It is official. The COVID-19 pandemic cannot be held responsible for the crisis facing the Kerala Economy. The rot had set in before the virus struck.
The Economic Review 2020, which finance minister T M Thomas Isaac tabled in the Assembly on Thursday, shows that Kerala's growth had nearly halved during 2019-20 fiscal before the virus went on to decimate what was left.
Kerala's growth rate towering over the national average has been the norm. Even in 2017 and 2018 when Isaac and the Planning Board had said demonetisation would destroy Kerala, Kerala's growth stood tall. But 2019-20 saw Kerala's GDP growth rate falling below the national average. If Kerala's was 3.45 per cent, the national GDP growth rate was 4.2 per cent.
Kerala's corresponding rate of growth in 2018-19 was 6.49 per cent. The growth in Gross Value Added (which is an indication of production), too, saw a steep fall. It was 2.6 per cent in 2019-20.
Mighty escape and then, the fall
Significantly, the fall in the economic indicators had happened after Kerala survived the demonetisation, the GST rollout, the Ockhi disaster, the Nipah scourge and the deluge of 2018 with amazing resilience.
In fact, the Review takes great pride in Kerala's performance post demonetisation. It did far better than even in the pre-demonetisation phase. "Kerala’s economy staged a revival in growth during the period from 2016 to 2018, thus reversing a downward slide in the State’s economy between 2013 and 2015," the Review said.
The rates of growth of GSVA (at constant 2011-12 prices) in Kerala were 4.3 per cent, 3.8 per cent and 5.3 per cent for the years 2013-14, 2014-15, and 2015-16 respectively. "These rates of growth of value-added in Kerala were significantly slower than the corresponding Indian averages. Ending this phase of stagnation, Kerala’s economic growth accelerated in 2016-17," the Review said.
Mysterious blight of 2019
If even the deadliest headwinds were unable to push Kerala's onward march, what was it that caused such a precipitous fall for Kerala in 2019. Both Isaac and the Economic Review blame what they called "the delayed" effects of the 2018 and 2019 floods, the general global recession and, of course, the COVID-19 pandemic.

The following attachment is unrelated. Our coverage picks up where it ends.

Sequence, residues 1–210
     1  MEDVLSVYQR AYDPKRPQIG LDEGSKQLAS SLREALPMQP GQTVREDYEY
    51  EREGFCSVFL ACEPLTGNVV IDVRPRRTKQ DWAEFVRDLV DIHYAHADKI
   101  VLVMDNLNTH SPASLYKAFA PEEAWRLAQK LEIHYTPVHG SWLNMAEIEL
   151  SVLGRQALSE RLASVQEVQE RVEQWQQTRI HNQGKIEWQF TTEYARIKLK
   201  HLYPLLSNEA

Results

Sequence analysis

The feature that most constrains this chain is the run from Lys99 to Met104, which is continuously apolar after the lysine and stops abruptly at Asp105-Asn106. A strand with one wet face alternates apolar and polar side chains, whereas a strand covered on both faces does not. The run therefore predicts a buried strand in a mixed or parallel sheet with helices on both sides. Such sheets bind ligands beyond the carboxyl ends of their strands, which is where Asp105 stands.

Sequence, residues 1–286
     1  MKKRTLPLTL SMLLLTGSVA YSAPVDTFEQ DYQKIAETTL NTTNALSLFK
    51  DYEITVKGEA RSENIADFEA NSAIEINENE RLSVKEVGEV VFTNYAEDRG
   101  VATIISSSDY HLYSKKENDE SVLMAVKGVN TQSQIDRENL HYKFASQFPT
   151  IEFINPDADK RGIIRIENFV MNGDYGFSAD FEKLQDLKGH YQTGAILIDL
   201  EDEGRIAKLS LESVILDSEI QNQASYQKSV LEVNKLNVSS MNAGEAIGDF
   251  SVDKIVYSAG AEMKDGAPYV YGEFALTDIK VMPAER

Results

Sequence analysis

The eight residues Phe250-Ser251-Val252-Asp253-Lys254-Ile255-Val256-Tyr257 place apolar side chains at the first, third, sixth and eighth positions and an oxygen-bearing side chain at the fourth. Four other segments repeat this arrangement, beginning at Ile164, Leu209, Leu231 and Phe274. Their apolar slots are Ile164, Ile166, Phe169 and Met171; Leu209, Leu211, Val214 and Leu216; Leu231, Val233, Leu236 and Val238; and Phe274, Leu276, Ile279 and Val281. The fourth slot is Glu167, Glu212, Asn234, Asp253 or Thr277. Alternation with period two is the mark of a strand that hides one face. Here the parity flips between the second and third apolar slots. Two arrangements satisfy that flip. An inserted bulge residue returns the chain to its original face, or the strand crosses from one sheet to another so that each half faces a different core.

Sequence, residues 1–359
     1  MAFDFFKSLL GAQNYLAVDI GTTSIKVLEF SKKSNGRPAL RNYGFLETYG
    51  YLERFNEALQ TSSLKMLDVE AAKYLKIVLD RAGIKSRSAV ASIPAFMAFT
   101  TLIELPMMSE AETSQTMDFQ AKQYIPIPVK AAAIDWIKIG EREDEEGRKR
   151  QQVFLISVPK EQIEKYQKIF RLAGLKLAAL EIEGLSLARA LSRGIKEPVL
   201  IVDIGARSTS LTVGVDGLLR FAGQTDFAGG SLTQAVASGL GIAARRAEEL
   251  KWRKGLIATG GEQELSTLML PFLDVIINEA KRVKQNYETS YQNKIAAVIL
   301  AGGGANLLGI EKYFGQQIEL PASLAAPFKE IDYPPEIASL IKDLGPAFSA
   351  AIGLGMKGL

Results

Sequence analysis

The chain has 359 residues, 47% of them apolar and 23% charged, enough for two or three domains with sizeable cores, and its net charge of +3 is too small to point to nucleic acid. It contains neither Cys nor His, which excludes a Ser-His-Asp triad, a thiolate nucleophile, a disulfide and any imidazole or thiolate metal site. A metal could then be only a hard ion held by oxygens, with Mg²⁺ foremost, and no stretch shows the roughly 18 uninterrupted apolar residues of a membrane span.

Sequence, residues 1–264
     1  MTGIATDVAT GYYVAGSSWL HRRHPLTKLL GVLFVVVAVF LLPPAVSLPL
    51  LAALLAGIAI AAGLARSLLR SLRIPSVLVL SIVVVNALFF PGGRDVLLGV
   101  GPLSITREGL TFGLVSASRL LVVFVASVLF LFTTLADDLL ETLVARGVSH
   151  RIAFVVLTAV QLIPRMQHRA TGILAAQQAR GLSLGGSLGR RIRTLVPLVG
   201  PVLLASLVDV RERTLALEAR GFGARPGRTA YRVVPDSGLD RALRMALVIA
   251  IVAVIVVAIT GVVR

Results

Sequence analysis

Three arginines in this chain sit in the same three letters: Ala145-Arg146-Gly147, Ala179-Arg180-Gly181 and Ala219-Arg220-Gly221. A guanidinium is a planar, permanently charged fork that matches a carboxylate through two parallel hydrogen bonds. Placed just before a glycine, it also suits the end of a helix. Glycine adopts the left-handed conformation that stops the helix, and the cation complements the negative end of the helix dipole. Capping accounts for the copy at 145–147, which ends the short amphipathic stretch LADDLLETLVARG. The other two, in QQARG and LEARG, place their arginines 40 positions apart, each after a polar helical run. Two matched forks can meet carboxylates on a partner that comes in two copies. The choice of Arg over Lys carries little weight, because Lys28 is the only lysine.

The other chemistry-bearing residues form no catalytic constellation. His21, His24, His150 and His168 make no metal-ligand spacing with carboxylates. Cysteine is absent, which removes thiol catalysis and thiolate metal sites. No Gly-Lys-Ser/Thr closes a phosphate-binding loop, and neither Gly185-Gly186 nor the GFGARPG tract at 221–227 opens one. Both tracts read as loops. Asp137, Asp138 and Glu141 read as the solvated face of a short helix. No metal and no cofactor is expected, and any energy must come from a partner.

But it looks like agriculture alone was affected by the floods and the recession. The primary sector growth, which registered positive growth for the first time in 2017-18 fiscal, turned negative from 2018-19. But other major sectors like tourism, construction, manufacturing, fishing, aquaculture, trade, hotels and restaurants, education, health, real estate and the IT industry staged a far robust growth after the floods.
The drop was seen only in 2019-20. The pandemic cannot be held responsible as the lockdown was announced only at the fag end of 2019-20 fiscal, on March 23 last year.
The finance minister had told the Assembly that there has been a fall of 23.04 per cent in the state's own tax revenues, 65.55 per cent fall in non-tax revenues and a shortfall of 38.49 per cent in central tax transfers to the state.
According to the Planning Board's assessment, the first quarter GVA of 2020-21 is estimated to shrink to around 26 per cent of 2019-20 first quarter GVA. The loss in GVA during the second quarter of 2020-21 compared to the same quarter of the previous year is estimated to be 18.5 per cent.